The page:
City of London to trial electric waste truck

City of London Corporation – the local authority covering central London’s Square Mile – is to trial a fully electric refuse vehicle from next month as part of an initiative to combat air pollution.

The 26-tonne truck, nicknamed Electra, runs on lithium-ion batteries, rather than diesel. It is designed for urban environments with short routes and can complete a full 10-hour shift, the City of London Corporation has said.

The electric refuse truck will be in operation as part of a two-month trial led by City of London Corporation

The trial will begin in February and will last for two months with further trials expected to be carried out in two other UK cities later this year.

City Corporation refuse vehicles collect over 1,500 tonnes of household waste and more than 850 tonnes of recycling a year.

Jeremy Simons, chairman of the City of London Corporation’s Environment Committee, said: “This vehicle is the first of its kind. It’s fully electric, both for compression of the waste and for powering the vehicle, and crucially – no diesel emissions.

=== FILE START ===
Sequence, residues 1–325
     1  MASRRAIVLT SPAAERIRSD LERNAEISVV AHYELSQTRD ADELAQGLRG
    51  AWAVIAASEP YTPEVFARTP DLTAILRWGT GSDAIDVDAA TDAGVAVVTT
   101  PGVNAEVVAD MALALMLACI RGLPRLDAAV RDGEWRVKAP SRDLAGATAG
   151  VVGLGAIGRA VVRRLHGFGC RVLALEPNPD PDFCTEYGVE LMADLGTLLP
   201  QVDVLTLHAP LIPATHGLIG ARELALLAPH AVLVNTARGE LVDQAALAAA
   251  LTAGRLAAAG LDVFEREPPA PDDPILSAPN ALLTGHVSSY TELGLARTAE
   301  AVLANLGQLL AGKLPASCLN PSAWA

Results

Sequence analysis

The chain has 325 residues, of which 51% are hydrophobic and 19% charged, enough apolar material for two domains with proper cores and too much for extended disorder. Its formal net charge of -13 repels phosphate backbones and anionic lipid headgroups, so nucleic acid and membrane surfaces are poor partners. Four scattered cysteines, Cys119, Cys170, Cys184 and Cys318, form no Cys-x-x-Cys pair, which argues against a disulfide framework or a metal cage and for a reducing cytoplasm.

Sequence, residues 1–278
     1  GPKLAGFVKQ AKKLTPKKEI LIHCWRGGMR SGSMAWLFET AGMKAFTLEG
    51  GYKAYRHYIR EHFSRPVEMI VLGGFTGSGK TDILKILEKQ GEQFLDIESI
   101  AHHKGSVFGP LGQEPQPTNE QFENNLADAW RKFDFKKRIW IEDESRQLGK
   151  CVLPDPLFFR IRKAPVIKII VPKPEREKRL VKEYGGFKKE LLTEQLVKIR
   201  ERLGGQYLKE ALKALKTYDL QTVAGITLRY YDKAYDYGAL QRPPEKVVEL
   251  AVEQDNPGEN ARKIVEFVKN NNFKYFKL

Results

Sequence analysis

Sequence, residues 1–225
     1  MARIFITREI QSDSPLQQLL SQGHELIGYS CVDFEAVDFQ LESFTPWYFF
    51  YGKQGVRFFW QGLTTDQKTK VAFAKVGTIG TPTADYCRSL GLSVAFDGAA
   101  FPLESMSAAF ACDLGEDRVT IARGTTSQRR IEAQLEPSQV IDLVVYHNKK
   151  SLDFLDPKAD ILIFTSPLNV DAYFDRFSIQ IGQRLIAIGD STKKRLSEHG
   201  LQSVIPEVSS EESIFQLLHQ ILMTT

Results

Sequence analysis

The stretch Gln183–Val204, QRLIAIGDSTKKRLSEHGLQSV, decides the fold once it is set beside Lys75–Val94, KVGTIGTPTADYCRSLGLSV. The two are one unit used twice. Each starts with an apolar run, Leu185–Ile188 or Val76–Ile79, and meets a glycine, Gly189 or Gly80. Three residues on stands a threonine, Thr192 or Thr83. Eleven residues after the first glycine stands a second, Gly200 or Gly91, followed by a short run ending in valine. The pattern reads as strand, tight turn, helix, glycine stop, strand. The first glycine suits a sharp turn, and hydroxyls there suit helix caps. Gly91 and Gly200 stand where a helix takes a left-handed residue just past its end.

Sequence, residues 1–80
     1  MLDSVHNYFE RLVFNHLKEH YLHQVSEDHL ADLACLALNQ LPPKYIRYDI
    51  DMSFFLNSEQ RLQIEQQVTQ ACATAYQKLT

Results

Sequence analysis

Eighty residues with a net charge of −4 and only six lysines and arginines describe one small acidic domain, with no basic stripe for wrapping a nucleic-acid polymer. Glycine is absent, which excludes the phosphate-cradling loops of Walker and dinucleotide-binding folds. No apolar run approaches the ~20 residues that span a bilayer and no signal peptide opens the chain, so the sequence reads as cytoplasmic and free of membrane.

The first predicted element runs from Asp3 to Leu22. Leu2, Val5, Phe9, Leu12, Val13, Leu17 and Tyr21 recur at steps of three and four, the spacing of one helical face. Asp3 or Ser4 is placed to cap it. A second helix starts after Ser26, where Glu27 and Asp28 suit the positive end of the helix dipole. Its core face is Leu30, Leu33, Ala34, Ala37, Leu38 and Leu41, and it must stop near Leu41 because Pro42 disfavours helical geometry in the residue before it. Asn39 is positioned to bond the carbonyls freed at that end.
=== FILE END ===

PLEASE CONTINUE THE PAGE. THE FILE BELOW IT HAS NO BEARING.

“Our ambition is to have a full fleet of clean refuse vehicles. We are taking responsibility for the cleanliness of our fleet and encouraging the use of low and zero emission vehicles with our partners.

“It complements the work we are doing to help City businesses cut back on vehicle deliveries and use more hybrid models.”

Development

Russell Markstein, commercial director of NRG Fleet Services, which has developed the vehicle, said: “We are excited about the Electra, having worked with the City Corporation its development for the past six months.

“This truck can deliver zero emissions rubbish collection in the Square Mile and long term, it could be a big step forward.”

Sheffield council has also recently signalled a shift towards electric vehicles for its refuse collection fleet, with the city council having sought funding to convert two of its retired RCVs to use an electric powertrain. The project follows the renegotiation of the city’s long term waste management contract with the waste management firm Veolia.

The council claims a vehicle could be operational for a further seven years under the scheme.

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